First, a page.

view of street and palm trees in barcelona

The Best Way to Spend 24 Hours in Barcelona

The Best Way to Spend 24 Hours in Barcelona

By Anne McCarthy

Quick visits, long layovers, and flight delays – all these events may, on occasion, mean you’ll find yourself in some of the world’s best cities with only a short spell of time on your hands.

If Barcelona winds up being such a city for you, count yourself lucky and hit the ground running, because this place is – as Leslie Odom Jr. sings in the musical Hamilton – non-stop!

Here are some recommendations for a whirlwind visit to “Barna,” which is what the locals have nicknamed the city. (Interestingly, many visitors mistakenly call the city “Barça” for short; however, this nickname is strictly used for FC Barcelona, the city’s soccer team.)

And if you’re looking for a suggested itinerary, scroll past the recommendations; you’ll find one there!

Food

Barna remains a favorite among visitors for its lively atmosphere, its frenetic energy, and of course, those tasty tapas and cervezas. The late Anthony Bourdain said of the capital city, “You’d have a hard time finding anything better than Barcelona for food…”

La Mar Salada (Passeig de Joan de Borbó, 58) is one place to check out if you’re looking for delicious paella. There, you’ll encounter a variety of paellas with shrimp, mussels, and more. If you’re craving a beachside ambiance, head to Bar Sant Marta (Carrer de Grau I torras, 59). This bar and restaurant offers Mediterranean and Italian fare, and it’s a stone’s throw away from the sand, making it easy to go for a shoeless walk along the ocean after savoring some sangria and pizza.

Honorable mention must be paid to a dive-y little spot called Tchey (Carrer del Consell de Cent, 455). Most visitors will amble past it, but locals (like my cousin David, who lives in the area) that are familiar with its charms are frequent, loyal customers. If you enjoy quick and tasty food, a congenial staff, and watching soccer matches on TV with a Spanish beer in hand, then this is the place for you. (Try the Clara drink and Durum burritos – both fan favorites.)

It could be argued that what crêpes are to Paris, tapas are to Barna, and you should be prepared to meet with conflicting opinions about where to find the best tapas in Barcelona. A few noteworthy tapas restaurants include La Esquinica (Passeig de Fabra i Puig, 296), L’Òstia (Plaça de la Barceloneta, 1), and O’Retorno (Carrer Comte d’Urgell, 168), where the tapas come free with your beer order.

Got a sweet tooth? Or just a general taste for the bizarre and interesting? Then check out Pudding (Pau Claris, 90). A tea and coffee room serving desserts, it has the added bonus (or horror, depending on your sensibility) of looking like a circus – literally. Another tea spot of note is Granja Petitbo (Passeig de Sant Joan, 82), a lovely café to enjoy breakfast or brunch. This arty, laid-back café is the perfect place to sip a coffee and study your map before making next moves.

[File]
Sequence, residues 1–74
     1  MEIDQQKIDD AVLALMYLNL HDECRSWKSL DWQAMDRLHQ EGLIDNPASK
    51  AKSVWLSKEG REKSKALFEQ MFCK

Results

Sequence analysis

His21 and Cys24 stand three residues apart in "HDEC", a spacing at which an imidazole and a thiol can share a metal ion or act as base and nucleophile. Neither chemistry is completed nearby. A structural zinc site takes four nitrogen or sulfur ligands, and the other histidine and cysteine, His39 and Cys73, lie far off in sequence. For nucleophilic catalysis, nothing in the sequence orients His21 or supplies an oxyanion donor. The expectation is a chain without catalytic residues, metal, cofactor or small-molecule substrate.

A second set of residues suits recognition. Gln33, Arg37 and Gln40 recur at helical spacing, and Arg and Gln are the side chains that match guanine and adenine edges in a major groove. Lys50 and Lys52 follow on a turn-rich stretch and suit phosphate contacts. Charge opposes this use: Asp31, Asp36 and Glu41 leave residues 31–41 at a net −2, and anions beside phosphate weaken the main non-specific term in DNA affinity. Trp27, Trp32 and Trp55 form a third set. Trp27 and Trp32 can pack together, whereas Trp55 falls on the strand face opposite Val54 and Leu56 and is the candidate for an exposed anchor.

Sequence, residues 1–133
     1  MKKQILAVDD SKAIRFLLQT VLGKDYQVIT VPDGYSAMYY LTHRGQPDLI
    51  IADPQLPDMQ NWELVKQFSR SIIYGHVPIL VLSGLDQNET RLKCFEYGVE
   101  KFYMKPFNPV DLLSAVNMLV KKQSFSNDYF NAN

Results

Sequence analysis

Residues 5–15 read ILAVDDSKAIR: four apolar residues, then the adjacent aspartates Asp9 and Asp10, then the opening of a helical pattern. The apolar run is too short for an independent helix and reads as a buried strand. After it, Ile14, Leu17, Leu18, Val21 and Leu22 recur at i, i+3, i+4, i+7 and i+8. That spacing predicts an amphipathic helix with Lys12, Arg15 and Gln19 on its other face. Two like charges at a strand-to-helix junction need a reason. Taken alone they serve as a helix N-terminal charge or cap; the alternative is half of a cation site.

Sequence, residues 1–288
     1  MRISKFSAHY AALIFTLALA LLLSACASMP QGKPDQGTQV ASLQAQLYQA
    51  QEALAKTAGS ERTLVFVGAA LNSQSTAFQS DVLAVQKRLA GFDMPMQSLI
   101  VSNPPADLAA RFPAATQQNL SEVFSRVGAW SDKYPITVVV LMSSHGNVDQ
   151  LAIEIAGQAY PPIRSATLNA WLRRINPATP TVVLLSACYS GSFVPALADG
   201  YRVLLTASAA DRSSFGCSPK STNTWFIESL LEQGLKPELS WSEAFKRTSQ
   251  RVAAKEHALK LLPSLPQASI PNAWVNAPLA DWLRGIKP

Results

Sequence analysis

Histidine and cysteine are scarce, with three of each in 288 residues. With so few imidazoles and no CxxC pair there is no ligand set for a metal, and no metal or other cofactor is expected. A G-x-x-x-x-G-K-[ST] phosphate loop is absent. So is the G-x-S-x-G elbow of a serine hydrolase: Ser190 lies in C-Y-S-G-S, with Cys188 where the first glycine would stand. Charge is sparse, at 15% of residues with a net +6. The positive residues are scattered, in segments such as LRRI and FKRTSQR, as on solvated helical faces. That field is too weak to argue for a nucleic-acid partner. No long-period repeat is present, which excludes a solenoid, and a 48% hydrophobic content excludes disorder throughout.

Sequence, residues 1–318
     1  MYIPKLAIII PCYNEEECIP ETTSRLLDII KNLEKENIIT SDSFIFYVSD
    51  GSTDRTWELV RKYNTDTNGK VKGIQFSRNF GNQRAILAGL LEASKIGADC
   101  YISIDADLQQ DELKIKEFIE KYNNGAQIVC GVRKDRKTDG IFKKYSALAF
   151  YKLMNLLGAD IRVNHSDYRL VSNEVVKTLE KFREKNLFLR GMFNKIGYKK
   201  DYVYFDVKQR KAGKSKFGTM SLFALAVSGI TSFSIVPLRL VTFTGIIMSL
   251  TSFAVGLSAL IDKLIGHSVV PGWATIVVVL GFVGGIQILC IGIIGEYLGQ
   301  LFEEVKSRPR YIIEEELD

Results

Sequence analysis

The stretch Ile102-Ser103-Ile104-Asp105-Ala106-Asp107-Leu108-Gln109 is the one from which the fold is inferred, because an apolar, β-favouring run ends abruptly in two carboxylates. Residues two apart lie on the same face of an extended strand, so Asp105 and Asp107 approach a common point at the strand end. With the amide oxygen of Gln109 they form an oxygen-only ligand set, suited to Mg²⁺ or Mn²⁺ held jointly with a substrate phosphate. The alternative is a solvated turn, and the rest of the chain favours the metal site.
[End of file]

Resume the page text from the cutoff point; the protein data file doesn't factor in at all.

Like old stuff? Can Culleretes (Carrer d’en Quintana, 5) in the Old City has been around since 1786 and specializes in Catalan cuisine. (This restaurant is quite popular so make reservations or budget extra time for waiting in line.)

Hand picks up a blistered padrón pepper at a tapas bar in Barcelona.

The Sights

Picasso is, for some, a controversial figure, but his incredible and groundbreaking artistic output is inarguable. Stop by the Picasso Museum to see for yourself. The museum is open seven days a week, but times do vary so plan ahead by checking the hours. Entry is free on Thursday evenings and the first Sunday of every month.

The most famous site in Barcelona is the sprawling Sagrada Família. You can’t miss it – literally and figuratively. The behemoth of a church, which you’ll spy in the distance well before you’re before it, is one landmark you won’t want to miss if you’re breezing through Barcelona. This legendary Catholic church has been undergoing construction since ground was first broken on it in 1882, when its crypt was built.

One hundred and thirty-six years later and…it’s still not complete. Though, much like a cliffhanger ending to a Game of Thrones season finale, its incompleteness doesn’t make it any less satisfying. Stand back and marvel at the astounding architectural feats of Antoni Gaudí, whose vision continues to evolve and take form with each passing year as the church is constructed. Currently, it’s estimated that the church will be completed in 2026, which, fittingly, also happens to be the centennial of Gaudí’s death.